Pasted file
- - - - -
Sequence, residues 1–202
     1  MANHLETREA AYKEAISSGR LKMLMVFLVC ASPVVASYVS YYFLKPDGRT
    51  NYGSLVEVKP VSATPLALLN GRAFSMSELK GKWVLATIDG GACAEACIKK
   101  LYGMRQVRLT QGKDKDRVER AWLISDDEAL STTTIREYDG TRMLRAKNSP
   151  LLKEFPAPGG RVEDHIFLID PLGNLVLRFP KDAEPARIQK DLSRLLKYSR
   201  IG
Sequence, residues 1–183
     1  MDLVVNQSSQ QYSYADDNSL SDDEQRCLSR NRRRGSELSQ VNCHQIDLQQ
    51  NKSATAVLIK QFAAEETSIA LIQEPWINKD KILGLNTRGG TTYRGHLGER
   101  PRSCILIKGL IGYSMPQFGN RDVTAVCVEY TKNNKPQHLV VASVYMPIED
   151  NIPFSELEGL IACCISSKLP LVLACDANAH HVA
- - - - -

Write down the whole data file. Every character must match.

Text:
Sequence, residues 1–202
     1  MANHLETREA AYKEAISSGR LKMLMVFLVC ASPVVASYVS YYFLKPDGRT
    51  NYGSLVEVKP VSATPLALLN GRAFSMSELK GKWVLATIDG GACAEACIKK
   101  LYGMRQVRLT QGKDKDRVER AWLISDDEAL STTTIREYDG TRMLRAKNSP
   151  LLKEFPAPGG RVEDHIFLID PLGNLVLRFP KDAEPARIQK DLSRLLKYSR
   201  IG
Sequence, residues 1–183
     1  MDLVVNQSSQ QYSYADDNSL SDDEQRCLSR NRRRGSELSQ VNCHQIDLQQ
    51  NKSATAVLIK QFAAEETSIA LIQEPWINKD KILGLNTRGG TTYRGHLGER
   101  PRSCILIKGL IGYSMPQFGN RDVTAVCVEY TKNNKPQHLV VASVYMPIED
   151  NIPFSELEGL IACCISSKLP LVLACDANAH HVA